Chenevix was a women's rights activist. In 1911 she co-founded the Irish Women's Suffrage Federation, which supported the foundation of Dublin's Irish Women's Reform League and Belfast's Women's Suffrage Society. Chenevix believed the school leaving age should be raised to 16 years of age and campaigned for this to be changed in the 1920s. She understood the struggles that poorer families had and demanded financial compensation for them.[6] Helen co-founded the Irish Women's Workers Union in 1916 and by 1918 it was recognised as a trade union, with over 5,000 members. Their aim was to support women working in poor working conditions. They negotiated with employers for better pay and working hours.[12] In 1945, Chenevix, Bennett and other members of the Irish Women's Worker's Union began a strike over the poor working conditions employees had to endure whilst working in the laundries. This successful strike lasted 3 months in total and the whole nation was awarded with two weeks paid annual holidays at the end. Chenevix and Bennett were highly praised for being "strong, powerful women" for managing and maintaining the strike.[13] In 1949, Chenevix served as vice president to the Irish Trade Union Congress and in 1951 she was appointed president.[6] Chenevix was also elected to Dublin Corporation, and twice served as acting Lord Mayor of Dublin (in 1942 and 1950).[14] She was also active in the Women's International League for Peace and Freedom[15] and the Irish Pacifist Movement.[16] After Bennett's retirement in 1955, Chenevix acquired her position as general secretary of the Irish Women's Worker's Union.[6]

After she retired from the Irish Women Workers’ Union in 1957, Chenevix concentrated on working for peace and nuclear disarmament.[17] A memorable event in Chenevix's later life was her input at a conference of the Irish Trade Union Congress and the Irish Congress of Trade Unions. A heated argument broke out amongst delegates suggesting that the idea of world peace was a "communist" ideal. As Chenevix, a "frail, gentle, grey-haired figure", approached the stand, the conference was in uproar. As she spoke calmly and convincingly for the need for peace, the disorder began to die. Once she had finished, the room broke out into a storm of thunderous applause. Her resolution, which had previously been viewed as "communist", was finally recognised and passed unanimously.[18] Chenvix worked tirelessly throughout her life to fight for women's rights, to improve working conditions for Irish women and for the right to live in a peaceful world without war or disruption.[10] As she worked right up to her death, she was appointed a member of the Industrial Accidents Commission just three days before her bereavement.[19] She died of brain cancer on the 4th of March 1963[17] in Walkinstown Hospital,[20] and she was buried in Deansgrange cemetery on the 7th of March of the same year. Her funeral was held in Monkstown Parish Church and was conducted by the Reverend RWM Wynne. Amongst those who attended the funeral were members of the Dáil and Senate, representatives of the Trade Union movement and many of Chenevix's personal friends.[21]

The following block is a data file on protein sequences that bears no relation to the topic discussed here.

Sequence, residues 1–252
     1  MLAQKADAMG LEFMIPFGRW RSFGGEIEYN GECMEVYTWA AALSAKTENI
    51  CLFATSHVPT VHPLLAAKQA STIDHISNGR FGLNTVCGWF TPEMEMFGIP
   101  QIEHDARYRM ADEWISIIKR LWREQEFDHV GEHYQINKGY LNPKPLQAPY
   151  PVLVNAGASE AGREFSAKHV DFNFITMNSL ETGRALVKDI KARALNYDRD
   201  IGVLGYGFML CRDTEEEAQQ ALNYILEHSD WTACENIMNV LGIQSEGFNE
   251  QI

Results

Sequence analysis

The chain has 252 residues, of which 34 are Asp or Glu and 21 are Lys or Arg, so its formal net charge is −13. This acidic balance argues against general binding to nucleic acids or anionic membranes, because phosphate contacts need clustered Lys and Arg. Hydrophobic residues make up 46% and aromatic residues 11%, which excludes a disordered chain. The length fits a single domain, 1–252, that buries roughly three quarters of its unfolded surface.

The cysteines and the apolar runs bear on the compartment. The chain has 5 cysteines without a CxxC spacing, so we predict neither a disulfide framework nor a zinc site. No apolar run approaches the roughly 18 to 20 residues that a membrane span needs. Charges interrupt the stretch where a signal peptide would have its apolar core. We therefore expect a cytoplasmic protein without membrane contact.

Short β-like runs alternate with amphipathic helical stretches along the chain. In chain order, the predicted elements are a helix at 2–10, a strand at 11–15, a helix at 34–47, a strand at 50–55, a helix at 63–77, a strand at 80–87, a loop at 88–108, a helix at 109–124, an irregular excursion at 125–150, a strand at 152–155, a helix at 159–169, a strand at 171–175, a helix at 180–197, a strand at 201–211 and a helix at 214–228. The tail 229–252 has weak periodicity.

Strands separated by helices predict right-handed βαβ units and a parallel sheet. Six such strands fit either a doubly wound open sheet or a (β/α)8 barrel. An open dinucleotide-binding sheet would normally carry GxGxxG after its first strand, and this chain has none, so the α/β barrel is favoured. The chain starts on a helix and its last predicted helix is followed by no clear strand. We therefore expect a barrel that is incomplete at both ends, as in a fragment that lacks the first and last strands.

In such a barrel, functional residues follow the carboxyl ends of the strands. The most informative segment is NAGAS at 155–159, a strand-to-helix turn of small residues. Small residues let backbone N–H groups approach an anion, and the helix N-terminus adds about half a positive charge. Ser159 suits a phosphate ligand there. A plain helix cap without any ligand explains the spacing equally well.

A bench has been placed in St Stephens Green park in honour of Chenevix and Bennett for their hard work in fighting for women's rights. The bench reads, 'Also of her lifelong friend and co-worker Helen Chenevix, 1888 - 1963 who shared the same high ideals,'.[22] The two women were described as "Two of the most remarkable Irish women of this century" after Chenevix's death.[7] A memorial in The Irish Times newspaper said that Chenevix "will be missed not only for the work she did, but for the noble qualities she possessed. Her friends will have a deep and irreparable sense of loss".[23] A walking tour was organised by Ingenious Ireland on International Women's Day 2015 to celebrate the lives of Chenevix, Bennett, Helena Molony and Kathleen Clarke and to honour their work on behalf of the laundries. The tour was entitled "Obstreporous Lassies"[24] and focused on the work the Irish Women's Workers Union.[25]